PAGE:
Building the future
Paul Bailey (’75)
Paul Bailey (’75) started out at Acadia studying geology, but after a year of tramping through the bush, swatting mosquitoes, he decided that was not for him. He switched to the business program and never looked back.
At graduation, he was recruited into a bank’s training program in Stratford, Ontario, but soon realized that banking was also not for him.
“I got a job with a land developer in Toronto as a gofer,” he says. “I didn’t know a thing about real estate or land development or housing. I’d get the boss’s car washed, pick up his shirts from the cleaners, and then go to a meeting because he didn’t want to. I learned by osmosis for three and a half years.” Then he joined Nu-West, a national land developer, and kept on learning. In 1984, he found a piece of land and borrowed every cent to buy it. That’s when he created Bazil Development, Inc., the business he still owns and operates. “That first deal worked well, and now I’m on about my fifty-sixth project,” he says. After identifying properties that can be developed for residential purposes in the Toronto area, Bailey partners with a home builder. Each project can take up to 12 years to complete, and one of his current projects is a development of about 2,500 houses.
“I had a really fine experience at Acadia. When it ended, I was sorry it was over. I’ve reflected often on how special that was for me. I still have a number of very good friends I talk to on a regular basis from those years. That was the best time of my life – and I have a pretty good life.”
Although Bailey loves his work, he pursues a variety of interests. He is an avid back-country skier and skis in the BC interior and Europe every year. He has taught himself to play guitar, piano, upright bass, and drums and continues to play those instruments today. He collects art – “I can’t draw a straight line with a ruler,” he admits with a laugh – and has been interested in wine and collecting it since the 1970s. He enjoys learning about wine and, in particular, sharing it with other people.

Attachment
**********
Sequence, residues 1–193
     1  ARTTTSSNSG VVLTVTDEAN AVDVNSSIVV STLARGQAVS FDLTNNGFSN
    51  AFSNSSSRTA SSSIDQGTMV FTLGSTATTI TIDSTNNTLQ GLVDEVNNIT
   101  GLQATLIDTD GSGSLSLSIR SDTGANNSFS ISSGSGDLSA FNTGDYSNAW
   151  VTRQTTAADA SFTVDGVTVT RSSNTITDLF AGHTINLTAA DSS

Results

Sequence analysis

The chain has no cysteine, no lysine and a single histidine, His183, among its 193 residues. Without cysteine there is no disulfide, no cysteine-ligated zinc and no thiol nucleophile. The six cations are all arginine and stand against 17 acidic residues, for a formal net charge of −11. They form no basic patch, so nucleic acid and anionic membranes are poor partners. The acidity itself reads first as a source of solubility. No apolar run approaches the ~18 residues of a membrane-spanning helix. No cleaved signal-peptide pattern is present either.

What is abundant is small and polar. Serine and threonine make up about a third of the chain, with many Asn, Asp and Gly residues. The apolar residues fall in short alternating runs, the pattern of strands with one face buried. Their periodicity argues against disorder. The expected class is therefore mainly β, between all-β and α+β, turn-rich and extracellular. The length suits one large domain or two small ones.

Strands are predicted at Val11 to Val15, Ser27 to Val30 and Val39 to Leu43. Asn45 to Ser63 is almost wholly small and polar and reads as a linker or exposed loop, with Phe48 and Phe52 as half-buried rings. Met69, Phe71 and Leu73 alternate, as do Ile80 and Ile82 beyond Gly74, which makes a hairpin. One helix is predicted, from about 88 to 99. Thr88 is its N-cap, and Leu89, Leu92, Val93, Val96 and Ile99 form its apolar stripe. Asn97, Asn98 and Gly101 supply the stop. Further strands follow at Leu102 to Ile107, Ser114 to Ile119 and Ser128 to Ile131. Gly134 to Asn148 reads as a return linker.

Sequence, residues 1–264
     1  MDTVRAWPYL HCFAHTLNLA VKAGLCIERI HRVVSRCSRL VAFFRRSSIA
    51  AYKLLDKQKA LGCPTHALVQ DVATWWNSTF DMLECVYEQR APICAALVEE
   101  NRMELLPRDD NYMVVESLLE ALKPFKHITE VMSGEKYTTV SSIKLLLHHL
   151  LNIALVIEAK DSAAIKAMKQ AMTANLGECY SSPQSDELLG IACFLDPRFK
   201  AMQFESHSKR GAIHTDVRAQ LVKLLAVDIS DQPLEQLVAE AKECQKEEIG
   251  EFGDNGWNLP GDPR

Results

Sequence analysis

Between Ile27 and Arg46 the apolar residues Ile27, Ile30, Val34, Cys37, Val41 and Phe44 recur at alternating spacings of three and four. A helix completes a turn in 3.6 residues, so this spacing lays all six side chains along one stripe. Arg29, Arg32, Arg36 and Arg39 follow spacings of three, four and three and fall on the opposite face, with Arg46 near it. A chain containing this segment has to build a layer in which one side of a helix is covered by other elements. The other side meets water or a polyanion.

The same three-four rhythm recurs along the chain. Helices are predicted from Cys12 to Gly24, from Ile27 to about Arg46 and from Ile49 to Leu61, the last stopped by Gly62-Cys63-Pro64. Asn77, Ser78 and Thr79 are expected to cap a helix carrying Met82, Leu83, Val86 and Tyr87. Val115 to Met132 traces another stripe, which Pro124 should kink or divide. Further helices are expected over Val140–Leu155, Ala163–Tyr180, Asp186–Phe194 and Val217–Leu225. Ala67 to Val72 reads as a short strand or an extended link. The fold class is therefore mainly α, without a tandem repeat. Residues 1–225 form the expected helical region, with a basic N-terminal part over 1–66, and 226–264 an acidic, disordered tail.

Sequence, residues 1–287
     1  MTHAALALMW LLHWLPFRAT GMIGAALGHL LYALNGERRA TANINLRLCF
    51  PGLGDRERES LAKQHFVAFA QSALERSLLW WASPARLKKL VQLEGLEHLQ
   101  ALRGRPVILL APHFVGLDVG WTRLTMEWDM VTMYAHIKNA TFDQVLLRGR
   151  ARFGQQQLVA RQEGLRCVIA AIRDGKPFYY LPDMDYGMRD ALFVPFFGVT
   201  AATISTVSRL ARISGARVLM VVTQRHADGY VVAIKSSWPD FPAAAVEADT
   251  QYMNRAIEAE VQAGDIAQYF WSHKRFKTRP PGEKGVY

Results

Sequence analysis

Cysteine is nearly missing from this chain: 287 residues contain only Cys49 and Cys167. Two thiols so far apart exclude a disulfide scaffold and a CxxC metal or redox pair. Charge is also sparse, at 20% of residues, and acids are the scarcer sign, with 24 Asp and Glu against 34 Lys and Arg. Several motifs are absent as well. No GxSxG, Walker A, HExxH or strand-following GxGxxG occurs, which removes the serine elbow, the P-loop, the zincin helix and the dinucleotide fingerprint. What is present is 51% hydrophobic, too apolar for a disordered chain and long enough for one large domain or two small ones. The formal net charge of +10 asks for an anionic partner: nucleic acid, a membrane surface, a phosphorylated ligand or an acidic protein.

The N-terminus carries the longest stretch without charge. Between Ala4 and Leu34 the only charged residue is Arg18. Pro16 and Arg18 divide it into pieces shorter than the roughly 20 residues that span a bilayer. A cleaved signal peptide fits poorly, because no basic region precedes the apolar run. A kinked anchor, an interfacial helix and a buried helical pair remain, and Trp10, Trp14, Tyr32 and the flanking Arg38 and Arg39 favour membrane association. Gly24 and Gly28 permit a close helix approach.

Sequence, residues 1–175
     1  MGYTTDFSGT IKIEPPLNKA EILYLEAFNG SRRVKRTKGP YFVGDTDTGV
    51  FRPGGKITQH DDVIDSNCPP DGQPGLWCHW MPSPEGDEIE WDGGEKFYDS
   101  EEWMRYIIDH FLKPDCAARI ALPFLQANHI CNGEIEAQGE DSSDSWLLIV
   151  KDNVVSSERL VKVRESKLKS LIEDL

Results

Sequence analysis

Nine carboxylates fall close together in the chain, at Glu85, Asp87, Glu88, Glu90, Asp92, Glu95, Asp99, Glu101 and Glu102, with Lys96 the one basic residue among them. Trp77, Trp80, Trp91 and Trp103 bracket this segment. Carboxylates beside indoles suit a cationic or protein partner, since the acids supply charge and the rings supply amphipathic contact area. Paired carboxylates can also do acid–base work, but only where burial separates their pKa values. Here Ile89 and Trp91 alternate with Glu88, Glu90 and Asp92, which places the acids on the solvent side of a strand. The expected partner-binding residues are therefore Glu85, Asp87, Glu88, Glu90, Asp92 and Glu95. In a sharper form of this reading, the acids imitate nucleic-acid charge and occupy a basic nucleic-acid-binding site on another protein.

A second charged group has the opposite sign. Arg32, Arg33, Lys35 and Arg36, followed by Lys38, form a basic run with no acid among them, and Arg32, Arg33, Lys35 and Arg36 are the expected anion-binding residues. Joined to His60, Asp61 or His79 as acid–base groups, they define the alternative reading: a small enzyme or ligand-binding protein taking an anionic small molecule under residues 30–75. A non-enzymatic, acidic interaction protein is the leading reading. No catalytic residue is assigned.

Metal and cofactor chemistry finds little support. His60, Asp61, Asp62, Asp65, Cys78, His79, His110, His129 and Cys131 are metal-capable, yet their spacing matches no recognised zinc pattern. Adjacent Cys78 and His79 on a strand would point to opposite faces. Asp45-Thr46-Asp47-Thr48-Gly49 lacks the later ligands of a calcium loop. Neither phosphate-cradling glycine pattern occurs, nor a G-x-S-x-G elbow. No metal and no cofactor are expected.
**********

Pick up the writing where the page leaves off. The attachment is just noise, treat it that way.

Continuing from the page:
As a volunteer, Bailey serves on a number of boards and committees including the Southlake Hospital in Newmarket, Ontario, and the Lake Simcoe Region Conservation Authority. He also serves on the advisory committee for MPAC, the Municipal Property Assessment Corporation for Ontario, which sets the tax rates for the six million properties that must be appraised and taxed every year.
“I think the university experience I had was very different from those of my high-school friends who went to larger universities,” he says. “So when I was approached to be part of the Campaign Cabinet, it was something I really wanted to do, to try to perpetuate and enhance what Acadia offers. Acadia is a very different place and a very special place.”